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Landlord Liability Insurance FAQ

How Does Liability Insurance Protect Rental Property Owners?

The coverage is only as good as the policy. Owners of rental property should purchase a comprehensive landlord insurance policy that offers broad protection against natural and “manmade” threats. 

Landlord liability insurance commonly covers property damage and lost rental income from natural phenomena such as fire, floods and lightning, but you need to be clear about what is and is not covered. Landlord insurance should also cover losses from burglary, vandalism and other intentional acts, including malicious damage by renters. And last but not least, rental property insurance should cover legal fees and other costs of defending against premises liability lawsuits and other personal injury claims.

Key considerations when choosing landlord insurance:

  • Beyond personal injury, the policy should protect the owner against claims by tenants or visitors for discrimination, unlawful eviction, and other torts.
  • The policy should insure all vehicles relating to maintenance and supervision of the rental property.
  • Don’t skimp on coverage. The policy should reflect the property value and rental income.
  • Be crystal clear on whether your policy covers negligence or acts of property managers (employees or third-party management).

What Does Renter’s Insurance Cover?

While tenants may not have as much at stake financially as property owners, they also need insurance – especially tenants with expensive personal belongings. Tenant losses from fire or theft are not covered by the landlord’s insurance.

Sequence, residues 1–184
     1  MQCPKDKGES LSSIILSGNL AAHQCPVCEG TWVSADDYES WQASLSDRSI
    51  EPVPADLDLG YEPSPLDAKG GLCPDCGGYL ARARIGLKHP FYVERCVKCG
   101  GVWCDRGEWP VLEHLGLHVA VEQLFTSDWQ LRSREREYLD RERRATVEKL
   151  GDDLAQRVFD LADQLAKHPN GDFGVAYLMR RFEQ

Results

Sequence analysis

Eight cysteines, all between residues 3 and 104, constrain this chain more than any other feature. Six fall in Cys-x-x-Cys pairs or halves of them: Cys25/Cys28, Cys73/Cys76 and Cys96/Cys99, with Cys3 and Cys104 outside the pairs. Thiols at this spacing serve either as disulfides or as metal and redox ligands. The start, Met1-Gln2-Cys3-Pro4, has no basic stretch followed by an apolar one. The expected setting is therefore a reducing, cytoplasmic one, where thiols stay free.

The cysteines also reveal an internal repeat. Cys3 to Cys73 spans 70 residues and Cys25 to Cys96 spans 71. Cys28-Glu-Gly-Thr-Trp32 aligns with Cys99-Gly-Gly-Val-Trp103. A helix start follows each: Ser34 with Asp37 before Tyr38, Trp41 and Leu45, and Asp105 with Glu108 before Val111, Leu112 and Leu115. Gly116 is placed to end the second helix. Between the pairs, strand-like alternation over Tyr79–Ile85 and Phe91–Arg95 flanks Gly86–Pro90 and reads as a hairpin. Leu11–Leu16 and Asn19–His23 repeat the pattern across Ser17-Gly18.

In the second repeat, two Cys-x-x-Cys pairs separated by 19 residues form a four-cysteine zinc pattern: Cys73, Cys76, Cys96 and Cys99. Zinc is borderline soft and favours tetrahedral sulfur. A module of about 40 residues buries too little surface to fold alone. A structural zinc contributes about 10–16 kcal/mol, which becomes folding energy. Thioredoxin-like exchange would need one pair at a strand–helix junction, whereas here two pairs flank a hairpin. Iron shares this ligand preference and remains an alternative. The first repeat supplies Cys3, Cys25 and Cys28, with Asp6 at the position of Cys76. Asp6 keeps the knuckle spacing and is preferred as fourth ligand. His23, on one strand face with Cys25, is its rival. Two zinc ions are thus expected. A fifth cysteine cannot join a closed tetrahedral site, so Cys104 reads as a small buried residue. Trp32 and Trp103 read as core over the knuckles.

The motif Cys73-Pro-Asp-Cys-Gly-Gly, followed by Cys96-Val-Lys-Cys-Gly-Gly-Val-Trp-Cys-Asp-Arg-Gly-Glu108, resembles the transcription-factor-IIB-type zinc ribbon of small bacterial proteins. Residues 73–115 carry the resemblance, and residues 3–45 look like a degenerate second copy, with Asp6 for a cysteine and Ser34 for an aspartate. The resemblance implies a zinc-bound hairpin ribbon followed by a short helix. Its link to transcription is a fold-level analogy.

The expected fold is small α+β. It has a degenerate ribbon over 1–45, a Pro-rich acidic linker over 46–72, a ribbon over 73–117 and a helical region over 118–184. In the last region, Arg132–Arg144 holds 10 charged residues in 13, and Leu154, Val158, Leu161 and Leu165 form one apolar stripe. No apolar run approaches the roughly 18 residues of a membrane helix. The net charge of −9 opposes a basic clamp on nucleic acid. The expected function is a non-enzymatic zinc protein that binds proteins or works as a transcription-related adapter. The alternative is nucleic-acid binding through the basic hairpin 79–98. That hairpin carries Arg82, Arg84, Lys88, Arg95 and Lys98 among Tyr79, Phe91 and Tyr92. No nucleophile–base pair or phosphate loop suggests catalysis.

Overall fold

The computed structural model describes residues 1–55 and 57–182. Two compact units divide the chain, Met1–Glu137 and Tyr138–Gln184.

The average renter’s policy covers tenants against losses to their belongings occurring as a result of fire and theft, up to the amount stated on the face of the policy, such as $25,000 or $50,000.

Most renter policies include deductible amounts of $250 or $500. This means that if a tenant’s apartment is burglarized, the insurance company will pay only for the amount of the loss over and above the deductible amount.

In addition to fire and theft, most renter’s policies include personal liability coverage ($100,000 is a typical amount) for injuries or damage caused by the tenant – for example, if a tenant’s garden hose floods the neighbor’s cactus garden, or a tenant’s guest is injured on the rental property due to the tenant’s negligence.

Renter’s insurance is a package of several types of insurance designed to cover tenants for more than one risk. Each insurance company’s package will be slightly different – types of coverage offered, exclusions, the dollar amounts specified and the deductible will all vary. Tenants who live in a flood or earthquake-prone area will need to pay extra for coverage. Policies covering flood and earthquake damage can be hard to find; tenants should shop around until they find the type of coverage that they need.